Participants of the intensive course on antimicrobial resistance gathered at Les Pensières Center for Global Health.
Over the course of a week, 35 participants from 23 countries and 41 experts were able to discuss the issues involved in tackling AMR from a OneHealth perspective, targeting low and middle-income countries in particular.
Based on the objectives of the World Health Organization’s Global Action Plan on AMR (WHO GAP AMR), the course aims to reinforce the critical decision-making of experts in human and animal health and environmental protection. During plenary sessions, group workshops and debates, the participants were able to learn more about:
- The role of antibiotics and the current challenges: raising awareness and improving our understanding of antimicrobial resistance
- Building knowledge and improving evidence through monitoring and surveillance
- Interventions to tackle AMR
- Optimizing the use of antibiotics in human and animal health
- Policies, regulations, governance and economic arguments in favor of long-term global investment in the fight against AMR.
“[The course] is a fantastic melting pot, bringing together people from very different careers and specialist fields who deal with antimicrobial resistance – there are doctors, vets, environmentalists, people working in biological sciences, others in human and social sciences, and people who work in public health. During this course, essentially what we do is teach all these different people how to understand each other and work together to develop solutions to this highly complex problem, which requires interdisciplinary ‘OneHealth’ solutions,” said Dr. Antoine Andremont, AMR Course Director.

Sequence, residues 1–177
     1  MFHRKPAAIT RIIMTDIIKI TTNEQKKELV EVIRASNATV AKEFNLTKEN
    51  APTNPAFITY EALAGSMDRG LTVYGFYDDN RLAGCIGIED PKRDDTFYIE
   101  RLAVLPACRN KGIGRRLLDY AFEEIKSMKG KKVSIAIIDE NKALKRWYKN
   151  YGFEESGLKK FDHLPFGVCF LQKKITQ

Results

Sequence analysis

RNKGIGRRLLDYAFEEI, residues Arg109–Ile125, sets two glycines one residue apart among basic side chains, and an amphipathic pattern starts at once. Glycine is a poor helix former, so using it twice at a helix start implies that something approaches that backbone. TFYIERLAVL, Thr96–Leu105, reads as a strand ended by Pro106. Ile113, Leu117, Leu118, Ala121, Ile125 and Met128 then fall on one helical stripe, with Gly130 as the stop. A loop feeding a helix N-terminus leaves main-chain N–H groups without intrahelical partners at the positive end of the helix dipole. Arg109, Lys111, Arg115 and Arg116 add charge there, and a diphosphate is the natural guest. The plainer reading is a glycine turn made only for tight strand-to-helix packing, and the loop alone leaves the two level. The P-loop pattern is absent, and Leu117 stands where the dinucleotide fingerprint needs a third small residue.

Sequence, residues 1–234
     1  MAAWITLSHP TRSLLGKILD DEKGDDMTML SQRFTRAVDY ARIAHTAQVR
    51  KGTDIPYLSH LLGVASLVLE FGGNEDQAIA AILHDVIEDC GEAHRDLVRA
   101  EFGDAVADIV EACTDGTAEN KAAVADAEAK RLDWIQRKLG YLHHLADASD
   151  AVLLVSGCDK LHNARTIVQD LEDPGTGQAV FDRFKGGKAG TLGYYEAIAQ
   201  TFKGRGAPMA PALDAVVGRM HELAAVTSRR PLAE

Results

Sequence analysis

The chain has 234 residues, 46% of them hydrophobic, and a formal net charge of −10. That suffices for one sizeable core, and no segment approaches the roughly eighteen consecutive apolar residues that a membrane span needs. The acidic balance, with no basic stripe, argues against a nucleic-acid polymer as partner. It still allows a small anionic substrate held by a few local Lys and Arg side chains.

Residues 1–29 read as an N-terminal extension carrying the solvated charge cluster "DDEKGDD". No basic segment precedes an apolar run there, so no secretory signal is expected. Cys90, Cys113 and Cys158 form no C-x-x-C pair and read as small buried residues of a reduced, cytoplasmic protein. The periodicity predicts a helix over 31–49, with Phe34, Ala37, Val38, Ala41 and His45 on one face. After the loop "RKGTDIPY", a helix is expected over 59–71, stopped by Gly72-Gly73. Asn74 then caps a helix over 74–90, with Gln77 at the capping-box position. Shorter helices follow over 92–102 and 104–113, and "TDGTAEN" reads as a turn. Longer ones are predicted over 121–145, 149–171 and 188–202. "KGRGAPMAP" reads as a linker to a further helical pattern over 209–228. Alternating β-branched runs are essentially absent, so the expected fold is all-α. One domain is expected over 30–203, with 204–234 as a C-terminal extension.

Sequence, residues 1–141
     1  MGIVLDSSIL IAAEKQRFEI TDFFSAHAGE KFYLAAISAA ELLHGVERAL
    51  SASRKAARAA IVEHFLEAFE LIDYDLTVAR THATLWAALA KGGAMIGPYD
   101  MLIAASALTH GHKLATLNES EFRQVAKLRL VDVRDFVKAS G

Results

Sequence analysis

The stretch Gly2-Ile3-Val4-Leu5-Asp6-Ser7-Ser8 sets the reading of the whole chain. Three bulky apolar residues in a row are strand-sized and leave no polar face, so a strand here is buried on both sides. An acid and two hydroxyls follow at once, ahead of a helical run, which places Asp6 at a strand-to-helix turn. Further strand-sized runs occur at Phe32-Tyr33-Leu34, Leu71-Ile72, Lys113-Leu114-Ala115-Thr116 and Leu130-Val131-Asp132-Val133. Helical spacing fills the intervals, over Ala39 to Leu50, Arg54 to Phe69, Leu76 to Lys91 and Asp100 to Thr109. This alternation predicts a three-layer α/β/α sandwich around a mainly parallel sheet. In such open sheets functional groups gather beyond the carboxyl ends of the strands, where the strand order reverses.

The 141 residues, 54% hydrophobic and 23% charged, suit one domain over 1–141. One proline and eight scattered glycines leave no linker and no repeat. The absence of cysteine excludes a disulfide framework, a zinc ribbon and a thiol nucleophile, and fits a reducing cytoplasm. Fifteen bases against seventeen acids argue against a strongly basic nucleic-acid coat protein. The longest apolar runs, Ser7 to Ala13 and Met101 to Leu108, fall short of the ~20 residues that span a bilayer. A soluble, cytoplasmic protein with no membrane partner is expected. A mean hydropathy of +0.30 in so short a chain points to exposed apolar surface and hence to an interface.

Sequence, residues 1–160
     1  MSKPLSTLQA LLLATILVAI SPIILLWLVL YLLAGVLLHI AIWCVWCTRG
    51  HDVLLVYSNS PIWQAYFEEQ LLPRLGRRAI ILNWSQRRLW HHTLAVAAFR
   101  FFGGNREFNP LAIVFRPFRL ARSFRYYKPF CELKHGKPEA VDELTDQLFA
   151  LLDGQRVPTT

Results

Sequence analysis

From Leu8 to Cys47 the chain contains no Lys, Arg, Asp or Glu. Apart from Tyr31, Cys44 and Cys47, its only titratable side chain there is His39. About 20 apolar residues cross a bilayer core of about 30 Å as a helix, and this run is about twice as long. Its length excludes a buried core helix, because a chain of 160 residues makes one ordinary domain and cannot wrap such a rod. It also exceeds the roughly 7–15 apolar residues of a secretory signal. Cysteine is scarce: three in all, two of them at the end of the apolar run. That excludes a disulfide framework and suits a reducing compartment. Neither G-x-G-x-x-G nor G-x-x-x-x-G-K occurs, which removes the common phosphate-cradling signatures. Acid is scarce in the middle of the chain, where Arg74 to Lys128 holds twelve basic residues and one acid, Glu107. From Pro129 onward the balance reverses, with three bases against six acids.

This intensive course is the result of a collaboration between the Mérieux Foundation and Paris Cité University to support the WHO GAP AMR action plan. Antimicrobial resistance poses a growing threat to global public health, putting the prevention and treatment of bacterial diseases at risk. The World Health Organization’s Global Action Plan on AMR (GAP) and the global One Health strategy make raising awareness and understanding of antimicrobial resistance a priority, considering it to be essential for the adoption, deployment, and implementation of national programs.
“Raising people’s awareness of AMR is vital, especially among the general public, mothers, prescribing practitioners and all those on the front line,” said Dr Valentina Picot, Course Director and Head of Public Health Initiatives and Expertise at the Mérieux Foundation.